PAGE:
Mouths Wide Open (2009)
Our town—what a dish! By Robert Sietsema and Sarah DiGregorio
Some of us look back nostalgically to a decade ago, when food-related matters were far simpler. Each year, there was a score of significant restaurant openings to be covered, a small passle of important new products, a few memorable cookbooks, and just a handful of dishes that knocked us on our collective asses. Now, the food scene has exploded. So many restaurants have opened that we can barely keep track of them, much less write individual reviews on them. Our Fork in the Road blog—with which we're assisted by a pair of new writers, Chantal Martineau and Rebecca Marx—has helped us extend our reach, but sometimes, we just throw up our hands in despair.
And that's why we enjoy doing the "Best Of" issue each year: It helps us take stock of and condense what we feel has been important—foodwise—during the past year, in a form our readers can savor and save. No equivocation here: Every dish, every restaurant, every phenomenon mentioned is worth enjoying. Whether we're talking about the fiery dan dan noodles at Grand Sichuan in Bay Ridge, the juicy grass-fed steaks at United Meat Market in Park Slope, the locavoric milk products at the Lower East Side's Saxelby Cheesemongers, or the octopus fusilli at Manhattan's Marea, all of these dishes are scrumptious, and all of them shout, "Eat me now!"
To accomplish this, we've divided our Best Of recommendations into two sections. In the first, you'll find our picks for the best dishes of the year—the most mind-bending plates that make use of ingredients or preparations that are so right now, if you'll pardon the expression. Who can reflect on the past 12 months and not have a crusty vision of banh mi spring to mind? For that matter, any voracious eater chomping their way through New York circa 2009 is likely to have come across at least one slab of quivering bone marrow, more cupcakes than necessary, a dollop of strangely flavored soft-serve, a dozen fat-dripping hamburgers and new-wave hot dogs, and certainly a floppy pizza or 10. Bacon, of course, has failed to slip back into obscurity, and ramen is still slithering its way around the East Village and environs. Who knows why certain dishes work their way into the collective appetite at a certain time? It's not for us to reason why. It's for us to tromp around the city, mouth open wide, and revel in pronouncing dishes' relative merits. Maybe you'll hate our pick for the best sausage of the year, or the best goat dish of the year—but feel free to curse our names, and let us know which ones we've missed.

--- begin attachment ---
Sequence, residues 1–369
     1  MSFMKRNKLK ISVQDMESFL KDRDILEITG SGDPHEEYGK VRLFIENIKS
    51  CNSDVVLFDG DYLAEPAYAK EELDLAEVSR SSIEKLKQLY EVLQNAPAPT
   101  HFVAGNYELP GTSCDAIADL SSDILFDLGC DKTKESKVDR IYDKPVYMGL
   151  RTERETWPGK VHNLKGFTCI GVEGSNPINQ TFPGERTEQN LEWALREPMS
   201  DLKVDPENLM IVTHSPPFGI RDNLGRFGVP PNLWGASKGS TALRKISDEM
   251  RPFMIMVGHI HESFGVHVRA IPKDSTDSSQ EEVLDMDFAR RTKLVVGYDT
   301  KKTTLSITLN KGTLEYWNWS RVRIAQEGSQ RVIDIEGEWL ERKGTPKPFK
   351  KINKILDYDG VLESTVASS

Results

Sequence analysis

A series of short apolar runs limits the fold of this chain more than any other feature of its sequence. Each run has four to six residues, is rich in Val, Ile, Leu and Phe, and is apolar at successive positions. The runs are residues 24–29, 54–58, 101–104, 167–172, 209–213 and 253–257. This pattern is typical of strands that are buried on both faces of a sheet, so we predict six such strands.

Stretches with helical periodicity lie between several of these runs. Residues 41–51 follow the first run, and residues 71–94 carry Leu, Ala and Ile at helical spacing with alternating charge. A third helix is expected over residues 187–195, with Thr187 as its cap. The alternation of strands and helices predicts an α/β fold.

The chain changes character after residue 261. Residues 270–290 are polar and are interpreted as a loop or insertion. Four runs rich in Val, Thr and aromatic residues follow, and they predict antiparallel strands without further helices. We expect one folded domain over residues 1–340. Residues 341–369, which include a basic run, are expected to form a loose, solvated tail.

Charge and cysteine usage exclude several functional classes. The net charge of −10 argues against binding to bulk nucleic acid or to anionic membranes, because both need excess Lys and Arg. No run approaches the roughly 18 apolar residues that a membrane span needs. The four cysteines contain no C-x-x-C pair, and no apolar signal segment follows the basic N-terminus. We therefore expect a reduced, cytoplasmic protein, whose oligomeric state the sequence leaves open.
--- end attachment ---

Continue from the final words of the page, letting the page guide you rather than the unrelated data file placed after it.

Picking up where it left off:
In our second section, you'll find the transcript of a critics' smackdown, a bloodthirsty battle-to-the-death that played out on IM. You'll also find the more conventional Best Of categories—like best bistro, best street food, best regional Chinese, and best seafood restaurant. No one loves a good argument over culinary superlatives like we do, and we hope you'll feel free to shout along.
In the end, the "best" is in the tongue of the taster, and we're lucky to live in a city where there are so many contenders for the crown, even for something like cold Sichuan tongue and tripe. But, like we said: No equivocation. These dishes are the most delicious we've tasted this year. Go forth and eat, friends.
More Food & Drink Awards
Mouths Wide OpenOur town—what a dish! By Robert Sietsema and Sarah DiGregorio
Best Toasted CheeseColandrea New Corner
Best Sustainable FishHarbour
Best Soft-ServeMister Softee